Get or set rendering intent

// Get example
PValue riValue;
pageContent->getFirstChild()->getProperty("RenderingIntent", riValue);

// Set example
pageContent->getFirstChild()->setProperty("RenderingIntent", eAbsoluteColorimetric);
CPP
// Get example
PValue riValue;
pageContent.getFirstChild().getProperty("RenderingIntent", ref riValue);

// Set example
pageContent.getFirstChild().setProperty("RenderingIntent", eAbsoluteColorimetric);
C#

The PValue returned is an integer. An enumeration is available for setting the value.

0ePerceptualPerceptual rendering intent
1eRelativeColorimetricRelative colorimetric rendering intent
2eSaturationSaturation rendering intent
3eAbsoluteColorimetricAbsolute colorimetric rendering intent


Get or set black point compensation

// Get
PValue bpcValue;
pageContent->getFirstChild()->getProperty("BlackPointCompensation", bpcValue);
pageContent->getFirstChild()->setProperty("BlackPointCompensation", eBPCOn);
CPP
PValue bpcValue;
pageContent->getFirstChild()->getProperty("BlackPointCompensation", bpcValue);
pageContent->getFirstChild()->setProperty("BlackPointCompensation", eBPCOn);
C#

The PValue returned is an integer. An enumeration is available for setting the value.

ValueSettingDescription
0eBPCDefaultDefault behavior
1eBPCOnUse black point compensation if applicable during color conversion
2eBPCOffDo not use black point compensation during color conversion

Visiting every node on the page

As already mentioned, to control rendering intent or black point compensation it is necessary to update every node on the page. This sounds daunting but actually Mako provides a way to do this, known as a custom transform. Custom transforms are described here. The advantage of this approach is that the code can make a decision based on the node type and its properties.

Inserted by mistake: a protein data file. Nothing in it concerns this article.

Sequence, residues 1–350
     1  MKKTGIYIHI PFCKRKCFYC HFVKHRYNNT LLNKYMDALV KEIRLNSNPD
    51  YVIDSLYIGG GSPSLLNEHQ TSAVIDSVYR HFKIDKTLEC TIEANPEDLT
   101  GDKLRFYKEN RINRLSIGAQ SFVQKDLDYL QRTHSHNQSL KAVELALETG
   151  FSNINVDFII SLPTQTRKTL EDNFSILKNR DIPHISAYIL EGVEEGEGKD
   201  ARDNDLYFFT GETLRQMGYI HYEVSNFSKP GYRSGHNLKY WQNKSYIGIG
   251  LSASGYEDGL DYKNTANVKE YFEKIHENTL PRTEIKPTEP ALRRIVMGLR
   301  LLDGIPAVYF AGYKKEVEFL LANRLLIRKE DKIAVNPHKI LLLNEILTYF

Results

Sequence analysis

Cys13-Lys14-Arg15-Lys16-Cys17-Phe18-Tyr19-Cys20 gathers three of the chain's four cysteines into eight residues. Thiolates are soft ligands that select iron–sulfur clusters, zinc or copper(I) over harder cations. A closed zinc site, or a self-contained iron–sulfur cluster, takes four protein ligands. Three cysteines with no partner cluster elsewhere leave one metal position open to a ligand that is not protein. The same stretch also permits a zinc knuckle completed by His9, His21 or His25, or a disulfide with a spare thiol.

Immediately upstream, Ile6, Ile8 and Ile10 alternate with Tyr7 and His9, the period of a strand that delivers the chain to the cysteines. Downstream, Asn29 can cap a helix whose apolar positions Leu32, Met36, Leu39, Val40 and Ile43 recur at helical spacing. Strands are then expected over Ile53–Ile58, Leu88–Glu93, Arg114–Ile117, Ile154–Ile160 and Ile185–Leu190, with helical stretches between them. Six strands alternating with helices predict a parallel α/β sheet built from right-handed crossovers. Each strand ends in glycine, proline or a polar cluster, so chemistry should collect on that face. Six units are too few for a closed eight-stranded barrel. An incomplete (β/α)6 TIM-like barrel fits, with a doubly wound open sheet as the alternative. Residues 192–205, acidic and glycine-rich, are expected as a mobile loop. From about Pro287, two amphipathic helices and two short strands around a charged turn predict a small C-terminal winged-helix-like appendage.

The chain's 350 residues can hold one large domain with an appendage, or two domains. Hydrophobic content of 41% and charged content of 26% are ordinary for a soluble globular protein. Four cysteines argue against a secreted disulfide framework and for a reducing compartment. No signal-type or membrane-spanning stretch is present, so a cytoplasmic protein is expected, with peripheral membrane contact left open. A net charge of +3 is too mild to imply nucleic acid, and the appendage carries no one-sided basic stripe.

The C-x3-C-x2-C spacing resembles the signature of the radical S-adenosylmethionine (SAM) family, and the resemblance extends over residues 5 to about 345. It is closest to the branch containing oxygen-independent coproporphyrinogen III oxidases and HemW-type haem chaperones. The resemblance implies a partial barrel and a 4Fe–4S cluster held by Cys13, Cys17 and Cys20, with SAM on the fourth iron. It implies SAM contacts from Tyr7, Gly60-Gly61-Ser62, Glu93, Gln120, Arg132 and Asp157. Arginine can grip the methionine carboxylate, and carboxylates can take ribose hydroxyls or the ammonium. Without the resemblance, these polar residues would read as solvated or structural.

Accessing color spaces through the DOM

Sometimes, it's useful to inspect the color space that a DOM node is using.

For example, a path node with have a fill and a stroke color. When we access the path's fill or stroke color, there's a method which allows us to get its corresponding color space.


const auto brush = pathNode->getFill();
 
if (brush && brush->getBrushType() == IDOMBrush::eSolidColor)
{
    const auto solidColorBrush = edlobj2IDOMSolidColorBrush(brush);
 
    // If it has, we can get its color space. Similar accessors exist for other brush types.
    const auto colorSpace = solidColorBrush->getColor()->getColorSpace();
 
    // Do something with the color space...
}
CPP



var brush = pathNode.getFill();
 
if (brush && brush.getBrushType() == IDOMBrush.eSolidColor)
{
    var solidColorBrush = edlobj2IDOMSolidColorBrush(brush);
 
    // If it has, we can get its color space. Similar accessors exist for other brush types.
    var colorSpace = solidColorBrush.getColor().getColorSpace();
 
    // Do something with the color space...
}
C#